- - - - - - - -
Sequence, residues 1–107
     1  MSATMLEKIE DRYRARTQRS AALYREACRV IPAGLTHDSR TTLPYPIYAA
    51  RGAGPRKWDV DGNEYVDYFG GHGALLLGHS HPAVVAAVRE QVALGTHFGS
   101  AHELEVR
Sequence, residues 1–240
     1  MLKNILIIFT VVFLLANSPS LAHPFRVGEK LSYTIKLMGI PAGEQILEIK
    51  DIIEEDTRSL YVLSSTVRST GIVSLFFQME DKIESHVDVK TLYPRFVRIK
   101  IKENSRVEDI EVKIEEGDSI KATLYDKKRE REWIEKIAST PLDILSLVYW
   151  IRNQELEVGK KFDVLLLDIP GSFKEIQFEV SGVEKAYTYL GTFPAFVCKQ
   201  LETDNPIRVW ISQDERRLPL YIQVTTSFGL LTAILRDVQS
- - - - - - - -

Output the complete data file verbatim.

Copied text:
Sequence, residues 1–107
     1  MSATMLEKIE DRYRARTQRS AALYREACRV IPAGLTHDSR TTLPYPIYAA
    51  RGAGPRKWDV DGNEYVDYFG GHGALLLGHS HPAVVAAVRE QVALGTHFGS
   101  AHELEVR
Sequence, residues 1–240
     1  MLKNILIIFT VVFLLANSPS LAHPFRVGEK LSYTIKLMGI PAGEQILEIK
    51  DIIEEDTRSL YVLSSTVRST GIVSLFFQME DKIESHVDVK TLYPRFVRIK
   101  IKENSRVEDI EVKIEEGDSI KATLYDKKRE REWIEKIAST PLDILSLVYW
   151  IRNQELEVGK KFDVLLLDIP GSFKEIQFEV SGVEKAYTYL GTFPAFVCKQ
   201  LETDNPIRVW ISQDERRLPL YIQVTTSFGL LTAILRDVQS